Dozens of eager college-aged students packed a philosophy class this spring at Jacksonville University. In the back corner of the classroom, though, sat a three-time MLB All-Star, a two-time Silver Slugger Award winner, and a member of school’s Hall of Fame.
“Almost exactly where I sat 15 years ago,” Daniel Murphy said on the Table Forty Podcast this week. “Almost the same exact class, so it looks the same. Not much has changed.”
Perhaps the classroom itself hasn’t changed, but plenty has changed for Murphy, including why he’s even back in school.
“I’m here because I want to learn how to think and organize my thoughts via spoken word and writing,” Murphy said. “And I think these kids are like, ‘The old man’s lost it. He’s lost his mind.’
“It’s been such an interesting experience because the first time I went to school I was there for baseball. This time, I better understand that I could be doing anything else in the world but I’m choosing to do this, so I might as well choose to do it admirably.”
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A little over 15 years ago, Murphy was a star on Jacksonville’s baseball team, and he was named Atlantic Sun Player of the Year in 2006 before being drafted in the 13th round by the New York Mets. After a 12-year career in the major leagues — highlighted by being named the MVP of the 2015 National League Championship Series while playing for the Mets — Murphy announced his retirement in January at the age of 35.
He left college a year early to enter the MLB draft, leaving his degree unfinished. So when he retired, he inquired about what it would take to finish out his degree. Turns out he only needed two classes, so he enrolled in the philosophy class as well as a class covering United States history from 1865 to present day.
“I think originally, I wanted to go back to school to get my degree, or at least I thought I did depending on how much they were going to ask of me,” Murphy said. “They only asked two classes, which I really needed, like, 10 probably, because I left a year early. I figured two classes, you’ve got to take that. It would be irresponsible and a bit lazy not to do it.”
Retired life has been kind to him, he said. Going back to school is just one part of this next phase of his life.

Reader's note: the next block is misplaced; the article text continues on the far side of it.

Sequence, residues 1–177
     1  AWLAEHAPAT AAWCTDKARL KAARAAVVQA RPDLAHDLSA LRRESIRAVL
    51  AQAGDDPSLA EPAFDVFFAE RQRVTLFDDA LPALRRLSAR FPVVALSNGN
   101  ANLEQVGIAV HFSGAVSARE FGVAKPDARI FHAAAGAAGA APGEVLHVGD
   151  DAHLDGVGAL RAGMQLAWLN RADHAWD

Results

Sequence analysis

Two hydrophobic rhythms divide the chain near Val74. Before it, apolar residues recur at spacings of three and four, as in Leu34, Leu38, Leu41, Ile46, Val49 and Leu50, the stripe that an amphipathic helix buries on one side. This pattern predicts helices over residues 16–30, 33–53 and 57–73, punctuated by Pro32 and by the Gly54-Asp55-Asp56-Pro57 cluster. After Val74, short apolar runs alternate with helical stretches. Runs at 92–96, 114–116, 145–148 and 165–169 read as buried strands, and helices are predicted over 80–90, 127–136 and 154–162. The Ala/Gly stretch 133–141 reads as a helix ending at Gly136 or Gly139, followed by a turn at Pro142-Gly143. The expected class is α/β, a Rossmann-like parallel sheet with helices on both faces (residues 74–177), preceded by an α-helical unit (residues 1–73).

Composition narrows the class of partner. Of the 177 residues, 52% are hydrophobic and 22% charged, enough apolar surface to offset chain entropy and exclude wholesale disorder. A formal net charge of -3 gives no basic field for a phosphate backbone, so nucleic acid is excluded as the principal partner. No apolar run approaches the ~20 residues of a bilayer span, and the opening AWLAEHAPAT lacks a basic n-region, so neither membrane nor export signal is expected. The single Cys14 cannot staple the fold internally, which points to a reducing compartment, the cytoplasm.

“When we got done with [pro baseball], it was like the end of an adventure,” he said. “It was like, catch your breath a little bit. That’s where I feel I’m at right now. I’m getting to sample academia again. I’m getting to be with the kids more, which is awesome.”
He said he does miss baseball at times still, especially this season when Opening Day passed for the first time and he wasn’t in a lineup. But he’s at peace, largely because he knows he came to his decision out of who he feels like God created him to be.
“I look at it like, if I wanted to be playing baseball, then I should have done the sacrifices and delayed gratification necessary to be playing baseball,” he said. “Since I was unwilling to do that, you’ve got to kind of get on with it. So that’s the way I look at it.”
The 2020 season was shortened due to the pandemic, and the lockdown period opened his eyes to what post-baseball life could be like. When he left to play the shortened season, he realized he wanted that life at home with his family more.
“During the lockdown, we were all together. It was awesome,” he said. “Our kids are great. They’re little provocateurs. They’re awesome, though. But I was like, ‘I get all of you a lot more.’ I’d never seen it that way.”
As for school, the goal is to finish the degree. But he might not stop there.
“I might take more, I don’t know,” he joked. “Two is probably the extent of my load.”
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